This is the second cross-post between Terrain.org and the University of Arizona Institute of the Environment’s Proximities. The first was a conversation between Simmons B. Buntin and Megan Kimble.
Rafe Sagarin is a marine ecologist and environmental policy analyst at the University of Arizona. In both his science and policy work, Sagarin connects basic observations of nature to issues of broad societal interest, including conservation biology, protecting public trust resources, and making responses to terrorism and other security threats more adaptable. Dr. Sagarin is a recipient of a 2011 Guggenheim Fellowship and has recently published two books, Learning from the Octopus (Basic Books, 2012) and Observation and Ecology: Broadening the Scope of Science to Understand a Complex World (Island Press, 2012), which show how nature observation—when extended across large scales and enhanced with both new technologies and greater deference to traditional knowledge sources—is revealing profound new insights about our dynamic social and ecological world. He was a Geological Society of America Congressional Science Fellow in the office of U.S. Representative (and later U.S. Secretary of Labor) Hilda Solis. He has taught ecology and environmental policy at Duke University, California State University Monterey Bay, Stanford University, University of California, Los Angeles, and the University of Arizona. His research has appeared in Science, Nature, Conservation Biology, Ecological Monographs, Trends in Ecology and Evolution, Foreign Policy, Homeland Security Affairs, and other leading journals, magazines, and newspapers. He is the editor, with Terence Taylor, of the volume Natural Security: A Darwinian Approach to a Dangerous World (2008, University of California Press).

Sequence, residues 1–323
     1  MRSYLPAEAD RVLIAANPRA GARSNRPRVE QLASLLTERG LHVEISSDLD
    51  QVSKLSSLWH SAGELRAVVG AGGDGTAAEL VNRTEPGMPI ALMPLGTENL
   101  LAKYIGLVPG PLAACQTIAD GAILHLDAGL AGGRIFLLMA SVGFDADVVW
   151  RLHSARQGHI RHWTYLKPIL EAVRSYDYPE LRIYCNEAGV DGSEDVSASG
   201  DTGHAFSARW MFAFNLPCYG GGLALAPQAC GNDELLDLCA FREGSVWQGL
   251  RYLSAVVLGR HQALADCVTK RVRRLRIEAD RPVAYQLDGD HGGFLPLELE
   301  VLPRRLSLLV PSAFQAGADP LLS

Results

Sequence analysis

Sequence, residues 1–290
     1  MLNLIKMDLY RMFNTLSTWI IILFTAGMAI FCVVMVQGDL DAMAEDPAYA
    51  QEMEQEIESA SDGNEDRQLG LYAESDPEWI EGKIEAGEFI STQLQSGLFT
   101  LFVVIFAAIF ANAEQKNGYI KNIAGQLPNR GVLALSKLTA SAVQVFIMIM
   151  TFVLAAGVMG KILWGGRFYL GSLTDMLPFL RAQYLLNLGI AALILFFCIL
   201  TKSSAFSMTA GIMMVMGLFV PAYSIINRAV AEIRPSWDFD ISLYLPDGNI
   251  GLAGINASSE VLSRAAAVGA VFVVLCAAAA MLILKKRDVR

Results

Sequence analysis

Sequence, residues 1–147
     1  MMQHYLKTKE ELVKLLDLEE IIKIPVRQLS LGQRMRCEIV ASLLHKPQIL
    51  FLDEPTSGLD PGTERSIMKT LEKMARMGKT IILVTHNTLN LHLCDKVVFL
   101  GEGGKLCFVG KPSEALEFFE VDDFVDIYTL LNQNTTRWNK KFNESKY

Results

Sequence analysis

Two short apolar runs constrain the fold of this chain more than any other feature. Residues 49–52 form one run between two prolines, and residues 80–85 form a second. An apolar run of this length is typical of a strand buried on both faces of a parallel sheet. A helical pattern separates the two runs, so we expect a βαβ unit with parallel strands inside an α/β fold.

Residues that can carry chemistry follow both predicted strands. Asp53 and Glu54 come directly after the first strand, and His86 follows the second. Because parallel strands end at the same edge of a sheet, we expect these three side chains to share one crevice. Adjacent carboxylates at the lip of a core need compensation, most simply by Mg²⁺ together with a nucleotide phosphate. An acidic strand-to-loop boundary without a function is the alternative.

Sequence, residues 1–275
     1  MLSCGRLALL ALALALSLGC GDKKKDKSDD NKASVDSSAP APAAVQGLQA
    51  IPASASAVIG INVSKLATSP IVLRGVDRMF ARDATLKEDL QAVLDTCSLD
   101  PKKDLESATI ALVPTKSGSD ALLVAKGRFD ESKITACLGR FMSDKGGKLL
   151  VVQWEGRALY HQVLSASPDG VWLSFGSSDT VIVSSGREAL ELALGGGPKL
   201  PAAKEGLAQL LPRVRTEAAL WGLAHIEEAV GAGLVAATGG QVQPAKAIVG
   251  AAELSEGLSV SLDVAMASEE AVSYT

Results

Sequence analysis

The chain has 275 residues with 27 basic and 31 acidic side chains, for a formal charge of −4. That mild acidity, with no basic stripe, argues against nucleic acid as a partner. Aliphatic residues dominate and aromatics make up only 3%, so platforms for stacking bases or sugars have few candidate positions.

Eric Magrane is poet-in-residence at the Arizona-Sonora Desert Museum, a Carson Fellow, and a research assistant at University of Arizona’s Institute of the Environment, where he works on art, science, and environment and writes Proximities. He is currently pursing a Ph.D. in Geography and Development at the University of Arizona, developing a method of poetic geography that blends critical-creative practice with human geography and environmental research. He has been an artist in residence in three U.S. national parks and is the creator and curator of A Poetic Inventory of Saguaro National Park, which gathered 80 writers to craft pieces based on species in the Park for the 2011 National Park Service and National Geographic Society BioBlitz. He is also the founding editor of Spiral Orb, an experiment in permaculture poetics.